The other night, I was telling an improviser-friend of mine how funny he was, and he wasn't buying it. "Tell me I suck," he said. "Then maybe I'll trust you."
Put that in your pocket for a second.
Cut to a party, where I'm talking about vulnerability. Most parties I'm either talking about vulnerability or just feeling it. So I'm at this party, talking to some polite and curious person who asked what I do for a living, and they're a massage therapist or something easy to explain, and so when I say I perform and teach comedy, they ask lots of follow-up questions. And then, when I explain that my subset of comedy practice is rooted in individual authenticity and vulnerability, they tip their head, and say, "Do you know the work of Brené Brown?"
Oh, yes, trust that I get down with some Brené Brown! I'm eternally grateful to her. She made vulnerability cool. She made it hip, human and bankable. And she continues to be a resource to me for her canny ability to provide METRICS to what I have always believed as a clown: that the root of my power IS my vulnerability. My absolute strength IS my absolute weakness. And she's got science to prove that? My shero.
Here's what Queen Brené says about the relationship between vulnerability and creativity.
"No vulnerability, no creativity. No tolerance for failure, no innovation. It is that simple. If you’re not willing to fail, you can’t innovate. If you’re not willing to build a vulnerable culture, you can’t create."
What Brené is suggesting here is that in order for people to discover and create, to be artists, they have to feel safe. They have to feel that there is SPACE for them to fail.
Put that in your pocket too.
I was recently hanging out with a woman friend, brilliant clown/comedian. She had just taken a Via Negativa clown class. Just to fill in those lucky enough to not know what Via Negativa is—this is a style of clown teaching in which, supposedly, the clown finds themself through negative criticism; that is, after being told "you suck, get off stage" enough, presumably, the clown will find a way to stay on stage, not be told "you suck", and discover triumphant success despite all obstacles.
My friend was telling me about her experience in this class. "The teacher had us go on stage and introduce ourselves, so I went and said, Hi, I'm ______, and then he immediately goes, Get off stage, you're being insincere. And I'm like... wait... I paid a hundred bucks for this?"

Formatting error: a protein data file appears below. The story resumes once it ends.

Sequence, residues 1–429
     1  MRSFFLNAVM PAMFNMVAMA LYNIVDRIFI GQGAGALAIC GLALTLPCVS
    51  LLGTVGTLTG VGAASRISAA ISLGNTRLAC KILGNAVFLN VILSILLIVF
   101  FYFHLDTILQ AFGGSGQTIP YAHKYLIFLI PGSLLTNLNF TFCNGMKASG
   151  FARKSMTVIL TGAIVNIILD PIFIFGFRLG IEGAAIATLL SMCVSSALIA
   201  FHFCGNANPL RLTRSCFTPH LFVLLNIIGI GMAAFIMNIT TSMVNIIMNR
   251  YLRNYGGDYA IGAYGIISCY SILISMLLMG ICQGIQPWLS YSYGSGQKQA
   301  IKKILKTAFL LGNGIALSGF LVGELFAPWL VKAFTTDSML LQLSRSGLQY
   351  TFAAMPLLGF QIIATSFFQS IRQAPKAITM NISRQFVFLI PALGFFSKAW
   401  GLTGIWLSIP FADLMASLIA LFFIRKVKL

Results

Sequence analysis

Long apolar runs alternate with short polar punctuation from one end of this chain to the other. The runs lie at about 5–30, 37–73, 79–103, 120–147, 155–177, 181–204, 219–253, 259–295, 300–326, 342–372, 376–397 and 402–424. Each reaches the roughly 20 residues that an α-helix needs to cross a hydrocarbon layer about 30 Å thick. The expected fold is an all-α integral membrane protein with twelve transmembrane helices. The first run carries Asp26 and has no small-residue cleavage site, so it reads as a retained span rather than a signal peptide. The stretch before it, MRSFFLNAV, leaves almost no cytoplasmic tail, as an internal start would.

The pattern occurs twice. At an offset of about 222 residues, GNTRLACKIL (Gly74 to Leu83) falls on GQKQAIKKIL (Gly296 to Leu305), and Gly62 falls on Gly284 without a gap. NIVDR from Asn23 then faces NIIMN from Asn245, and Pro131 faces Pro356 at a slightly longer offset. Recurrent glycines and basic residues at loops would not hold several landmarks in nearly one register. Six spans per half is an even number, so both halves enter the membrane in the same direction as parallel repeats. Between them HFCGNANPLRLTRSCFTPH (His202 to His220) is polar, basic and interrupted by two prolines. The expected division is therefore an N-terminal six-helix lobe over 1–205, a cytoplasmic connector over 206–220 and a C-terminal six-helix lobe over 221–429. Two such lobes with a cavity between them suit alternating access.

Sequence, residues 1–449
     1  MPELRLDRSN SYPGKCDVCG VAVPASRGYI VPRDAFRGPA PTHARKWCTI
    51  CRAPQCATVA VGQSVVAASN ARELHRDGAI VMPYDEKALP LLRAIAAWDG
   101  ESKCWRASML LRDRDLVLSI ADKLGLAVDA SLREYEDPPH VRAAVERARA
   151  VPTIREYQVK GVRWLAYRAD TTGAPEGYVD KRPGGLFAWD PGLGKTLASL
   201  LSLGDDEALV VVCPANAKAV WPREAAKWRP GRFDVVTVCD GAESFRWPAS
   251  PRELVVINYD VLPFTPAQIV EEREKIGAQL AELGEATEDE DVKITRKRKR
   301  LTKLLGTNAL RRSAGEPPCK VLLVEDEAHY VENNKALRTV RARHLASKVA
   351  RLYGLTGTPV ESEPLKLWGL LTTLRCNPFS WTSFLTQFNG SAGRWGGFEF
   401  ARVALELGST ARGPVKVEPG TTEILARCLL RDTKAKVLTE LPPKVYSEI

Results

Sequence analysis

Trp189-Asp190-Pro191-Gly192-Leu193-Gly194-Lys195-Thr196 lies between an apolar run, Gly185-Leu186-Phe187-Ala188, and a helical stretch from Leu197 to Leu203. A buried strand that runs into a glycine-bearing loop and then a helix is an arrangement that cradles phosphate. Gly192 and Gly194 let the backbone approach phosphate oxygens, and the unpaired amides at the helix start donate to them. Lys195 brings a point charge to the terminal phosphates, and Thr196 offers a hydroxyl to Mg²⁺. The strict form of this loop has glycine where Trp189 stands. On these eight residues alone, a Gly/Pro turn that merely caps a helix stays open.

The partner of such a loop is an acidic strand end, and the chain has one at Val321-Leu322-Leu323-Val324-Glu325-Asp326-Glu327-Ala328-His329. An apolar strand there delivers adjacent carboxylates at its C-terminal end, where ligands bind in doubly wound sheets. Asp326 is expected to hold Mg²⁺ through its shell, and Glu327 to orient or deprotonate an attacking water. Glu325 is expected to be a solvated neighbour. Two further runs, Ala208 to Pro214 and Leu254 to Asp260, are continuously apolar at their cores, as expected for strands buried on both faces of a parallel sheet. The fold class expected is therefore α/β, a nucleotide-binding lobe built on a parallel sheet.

Add that to your pocket.
Now, think back to my improviser-man friend, who needs to hear he sucks before he can believe that he's funny.
Is your pocket full-to-bulging?
Let's call that bulge the heady start to a conversation about Via Negativa, and its very real and complicated place in comedy pedagogy. Enjoy your bulge!
My personal experience with Via Negativa was my month with Gaulier in Sceaux, just outside of Paris: every day, 7 hours of training, maybe one minute of stage time, followed by two minutes of being told I suck as a human being without any specific notes I could actually use and apply, and then an evening crying over pastries.
The idea behind this style of training, I've been told, is that, in order to succeed, the clown must find their own cocktail of desperation and inner-strength. Once you are fired up enough to stop caring what the authority says, that is when you are able to really let loose and be free. Think Michael Douglas in Falling Down. Think Peter Finch in Network. I'M MAD AS HELL AND I'M NOT GOING TO TAKE THIS ANYMORE. When the oppression gets too much, the white man stands up and—oh shit, I'm showing my hand too fast. But let us just consider. Who's been set up their whole lives to potentially excel at a certain kind of maverick rebellion against authority? And who, perhaps, maybe, hasn't?
Look, we all hate comedy classes in which "everything's fine and everyone's great." We hate dishonesty in our comedy classroom. We yearn for someone to call out the garbage. And we are right to want that. And, sure, there can be real power in triumphing against oppression. It's what happened to me for the two days I actually triumphed and got laughs in my otherwise-absolutely-money-wasting experience with Gaulier. If you can kill in that room, that workshop in which everyone is oppressed—if you can rise to the top of that huddled, miserable pack, you've reached the American Dream, you've made it, you're unstoppable. I know, now that I've made that room really laugh, I can make ANY ROOM LAUGH. Sure, that's a little bit true.
And yet, I still think I could've saved myself a few grand and a month of crying over pastries, and just found an actual good teacher to study with.
It is possible for a pedagogic method to keep a classroom honest and not involve abuse. When I was learning how to ride a bicycle (at age 30, incidentally), someone told me to focus on the path I'm following and not on all the potential obstacles and things I could crash into. Focus on where you want to go, not on where you don't want to go. I use this with my students: keep them focused on the desired path. That doesn't mean I'm not being honest, it just means the focus is on the goal, not the mistakes.